Farewell HTML5

December 16, 2012

facebook ditches HTML5So much for the “new hope of mobile app development” – Facebook released an updated app for Android, which replaces the webview/HTML5 architecture with a totally native implementation. The remake significantly improves the speed and overall slickness of the app, finally making it usable on Android. While we learned that HTML5 is bad for mobile a long time ago, it’s nice to see Facebook thinking the same. Also, in case you are wondering: yes, MobileNoter for Android is totally native too.




Microsoft buys users on whopping scale

May 11, 2011

Microsoft top management has a good reason for their recent agonizing buying spree. Everyone and his dog know that Windows and Office cash cows will be dead one day, and the day is coming fast. Microsoft is really trying to make a move into online, cloud, and mobile – the most promising categories dominated by Google, Facebook, and Apple.

Apple… was a marginal company only a few years ago. Apple passed Microsoft in market cap in 2010, passed Microsoft in revenues in October 2010, passed Microsoft in profits just recently.

Meanwhile Microsoft pays a fortune to buy users from Yahoo, then from Nokia, and now from Skype. That’s right – Microsoft is paying billions just to get the users, not valuable technologies or products (not entirely with Skype, but mostly so).

Every business school teaches that this strategy is not going to work. If you purchase users with low ARPU from someone, the users will continue to bring low ARPU to you. If you try to charge them more, they will flee to your competitor. Those business schools will soon have an excellent case study to support the claim that the strategy is bad. The chart below shows how Microsoft Online Services Division has been doing for recent years. If you have trouble summing those columns up, here is the summary: the Online Division is losing $2.5b per year. Surely you have no trouble picking the trend.

microsoft online division is losing a fortune every month

Dropbox uses social game tactics to increase virality

May 5, 2011

famous dropbox logoDropbox is one of the best known applications in the world that appeared in recent years. While Dropbox is really useful and a great app, perhaps some creative marketing helped it to go all the way to #1 file sharing app in three years. It turns out that Dropbox cleverly utilizes the same tactics that is commonly used among social gaming companies on Facebook and other social networks.

For example, once you sign up to Dropbox, you are offered to perform 5 of the following 7 steps to get 250MB of storage space for free:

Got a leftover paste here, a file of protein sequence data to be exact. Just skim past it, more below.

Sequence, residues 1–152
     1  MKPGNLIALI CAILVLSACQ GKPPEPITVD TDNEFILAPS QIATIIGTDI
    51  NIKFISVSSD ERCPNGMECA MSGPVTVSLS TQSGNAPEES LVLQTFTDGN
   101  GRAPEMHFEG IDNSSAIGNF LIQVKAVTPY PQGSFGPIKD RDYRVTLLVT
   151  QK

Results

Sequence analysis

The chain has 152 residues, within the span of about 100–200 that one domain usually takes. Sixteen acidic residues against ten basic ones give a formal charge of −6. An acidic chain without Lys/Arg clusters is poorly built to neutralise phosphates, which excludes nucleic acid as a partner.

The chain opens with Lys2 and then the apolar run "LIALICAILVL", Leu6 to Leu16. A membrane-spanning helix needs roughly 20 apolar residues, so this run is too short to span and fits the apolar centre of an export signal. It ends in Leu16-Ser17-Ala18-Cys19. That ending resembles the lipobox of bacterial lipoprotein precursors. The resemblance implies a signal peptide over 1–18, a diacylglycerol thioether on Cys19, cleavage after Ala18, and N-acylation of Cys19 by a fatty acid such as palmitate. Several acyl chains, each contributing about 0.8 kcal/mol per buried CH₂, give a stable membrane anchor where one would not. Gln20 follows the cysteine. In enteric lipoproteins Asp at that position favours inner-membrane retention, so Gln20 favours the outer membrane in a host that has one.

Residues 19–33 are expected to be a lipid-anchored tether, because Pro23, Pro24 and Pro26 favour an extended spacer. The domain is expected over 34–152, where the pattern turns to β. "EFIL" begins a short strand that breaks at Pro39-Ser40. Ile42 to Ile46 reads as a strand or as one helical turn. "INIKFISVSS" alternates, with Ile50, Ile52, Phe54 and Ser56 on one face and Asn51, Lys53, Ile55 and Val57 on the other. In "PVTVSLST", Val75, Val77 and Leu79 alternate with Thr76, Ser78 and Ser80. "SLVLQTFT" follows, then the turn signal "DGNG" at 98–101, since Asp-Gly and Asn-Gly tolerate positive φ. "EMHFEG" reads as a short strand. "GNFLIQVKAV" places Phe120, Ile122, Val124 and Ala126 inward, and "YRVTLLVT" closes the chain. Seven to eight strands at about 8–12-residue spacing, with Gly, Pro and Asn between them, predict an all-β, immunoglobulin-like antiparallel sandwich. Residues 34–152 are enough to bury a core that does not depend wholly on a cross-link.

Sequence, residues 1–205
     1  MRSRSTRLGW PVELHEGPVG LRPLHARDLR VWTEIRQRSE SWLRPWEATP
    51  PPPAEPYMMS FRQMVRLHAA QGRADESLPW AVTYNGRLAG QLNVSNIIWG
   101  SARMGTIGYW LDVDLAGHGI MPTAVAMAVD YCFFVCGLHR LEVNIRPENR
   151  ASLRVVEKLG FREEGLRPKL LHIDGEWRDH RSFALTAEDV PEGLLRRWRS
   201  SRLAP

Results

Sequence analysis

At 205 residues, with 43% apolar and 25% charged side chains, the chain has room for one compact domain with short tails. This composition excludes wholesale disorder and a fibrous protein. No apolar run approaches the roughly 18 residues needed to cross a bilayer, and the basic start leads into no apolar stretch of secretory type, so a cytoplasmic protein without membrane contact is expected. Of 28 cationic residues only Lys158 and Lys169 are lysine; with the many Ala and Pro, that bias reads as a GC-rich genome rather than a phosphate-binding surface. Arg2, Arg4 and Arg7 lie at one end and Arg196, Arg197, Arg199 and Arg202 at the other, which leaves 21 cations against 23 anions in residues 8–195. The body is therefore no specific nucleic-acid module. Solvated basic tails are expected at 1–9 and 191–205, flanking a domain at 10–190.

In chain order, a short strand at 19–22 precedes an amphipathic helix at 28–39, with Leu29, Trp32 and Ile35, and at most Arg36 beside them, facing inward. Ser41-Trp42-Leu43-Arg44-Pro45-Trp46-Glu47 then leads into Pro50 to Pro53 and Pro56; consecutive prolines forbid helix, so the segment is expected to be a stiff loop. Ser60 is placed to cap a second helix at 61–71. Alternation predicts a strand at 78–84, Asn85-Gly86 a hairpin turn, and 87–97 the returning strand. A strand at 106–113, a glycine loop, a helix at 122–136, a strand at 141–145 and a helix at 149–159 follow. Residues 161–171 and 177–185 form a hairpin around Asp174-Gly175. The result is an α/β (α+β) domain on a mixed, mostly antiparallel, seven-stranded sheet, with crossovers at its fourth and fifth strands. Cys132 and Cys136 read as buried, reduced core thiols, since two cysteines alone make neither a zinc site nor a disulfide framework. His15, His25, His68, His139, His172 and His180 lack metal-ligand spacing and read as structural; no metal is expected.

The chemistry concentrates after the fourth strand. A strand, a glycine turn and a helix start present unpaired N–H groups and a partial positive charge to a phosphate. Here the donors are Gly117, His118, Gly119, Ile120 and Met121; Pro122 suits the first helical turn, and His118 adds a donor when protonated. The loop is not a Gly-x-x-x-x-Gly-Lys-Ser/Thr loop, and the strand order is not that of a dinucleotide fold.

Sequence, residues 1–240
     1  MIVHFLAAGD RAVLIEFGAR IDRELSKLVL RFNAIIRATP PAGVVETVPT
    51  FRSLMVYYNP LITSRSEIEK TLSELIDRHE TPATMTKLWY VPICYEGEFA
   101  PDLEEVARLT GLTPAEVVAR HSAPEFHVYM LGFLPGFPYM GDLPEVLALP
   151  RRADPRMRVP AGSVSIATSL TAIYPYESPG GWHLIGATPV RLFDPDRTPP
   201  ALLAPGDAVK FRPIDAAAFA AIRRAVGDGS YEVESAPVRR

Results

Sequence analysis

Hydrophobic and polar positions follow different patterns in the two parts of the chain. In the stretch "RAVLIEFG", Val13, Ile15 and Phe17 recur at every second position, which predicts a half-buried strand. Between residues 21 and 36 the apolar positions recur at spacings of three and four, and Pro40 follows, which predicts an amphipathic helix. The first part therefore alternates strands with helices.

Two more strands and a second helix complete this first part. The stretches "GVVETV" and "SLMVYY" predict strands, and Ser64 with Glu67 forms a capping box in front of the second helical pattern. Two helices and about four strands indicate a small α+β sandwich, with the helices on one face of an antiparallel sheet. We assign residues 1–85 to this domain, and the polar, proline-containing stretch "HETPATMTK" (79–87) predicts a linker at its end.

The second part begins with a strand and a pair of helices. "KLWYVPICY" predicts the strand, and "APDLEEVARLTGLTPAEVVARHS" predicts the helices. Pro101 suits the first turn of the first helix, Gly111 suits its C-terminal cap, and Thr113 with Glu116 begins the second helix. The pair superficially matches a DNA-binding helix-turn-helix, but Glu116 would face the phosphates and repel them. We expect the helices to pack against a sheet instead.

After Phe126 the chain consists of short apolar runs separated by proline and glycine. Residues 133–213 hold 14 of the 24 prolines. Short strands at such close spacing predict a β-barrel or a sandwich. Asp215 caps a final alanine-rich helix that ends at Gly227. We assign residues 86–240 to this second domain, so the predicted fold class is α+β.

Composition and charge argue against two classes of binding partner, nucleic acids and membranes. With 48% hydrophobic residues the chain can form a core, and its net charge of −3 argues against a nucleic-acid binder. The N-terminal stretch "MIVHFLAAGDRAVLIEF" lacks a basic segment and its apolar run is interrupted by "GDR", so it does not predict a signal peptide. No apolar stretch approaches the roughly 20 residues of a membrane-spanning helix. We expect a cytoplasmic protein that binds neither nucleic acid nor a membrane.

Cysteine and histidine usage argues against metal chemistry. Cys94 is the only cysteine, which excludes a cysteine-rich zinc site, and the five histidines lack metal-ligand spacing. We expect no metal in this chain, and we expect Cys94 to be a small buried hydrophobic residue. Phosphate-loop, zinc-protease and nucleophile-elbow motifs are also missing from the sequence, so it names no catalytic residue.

1. Take the Dropbox Tour
  2. Install Dropbox on Your Computer
  3. Put Files in your Dropbox Folder
  4. Install Dropbox on Other Computers You Use
  5. Share a Folder with Friends or Colleagues
  6. Invite Some Friends to Join Dropbox
  7. Install Dropbox on Your Mobile Device

Compare this to the 5 steps that Office Wars – an addictive Facebook game – asks to do in order to become an “Office Wars Pro” and get some perks for free (that otherwise would have to be bought for real money):

However, Dropbox doesn’t stop with the list above. More simple actions will get more free storage to the users, like:

  1. Linking Dropbox account to your Facebook account
  2. Following @Dropbox on Twitter
  3. Tweeting about Dropbox to your followers

Every step of the above will get you 128MB more. All this is on top of the “old school” marketing gig: any new user signing up to Dropbox off your referral link would add you 250MB of storage space for free.

It is very easy for Dropbox to utilize this tactics, because they can give away free space in small increments for just about anything: if you Like their page on Facebook, write a positive blog review about them, put Dropbox sticker on your laptop and post a photo of it – the possibilities are endless. It is much harder to do the same for a company that sells software for a one-time payment, like we sell MobileNoter SE. The company could give users discount coupons for the user actions it want to appreciate, but even this is not guaranteed to work – the biggest application store – the AppStore doesn’t support coupons.

Evernote just squeezed more money out of investors!

October 23, 2010

Evernote just raised another $20m. That’s on top of $9m left from previous round and a claim that it’s a profitable and sustainable business. Makes you wonder why they need all this money. My guess is that’s a preparing for M&A kind of things. Now, some users have comments about this news:

  • Do you now have enough to update the Palm/HP webOS application?
  • one thing I would ask would be that you streamline and improve the performance of the various clients out there.
  • I want to be excited about this but I have seen funding come and go and so many desires of the users go ignored.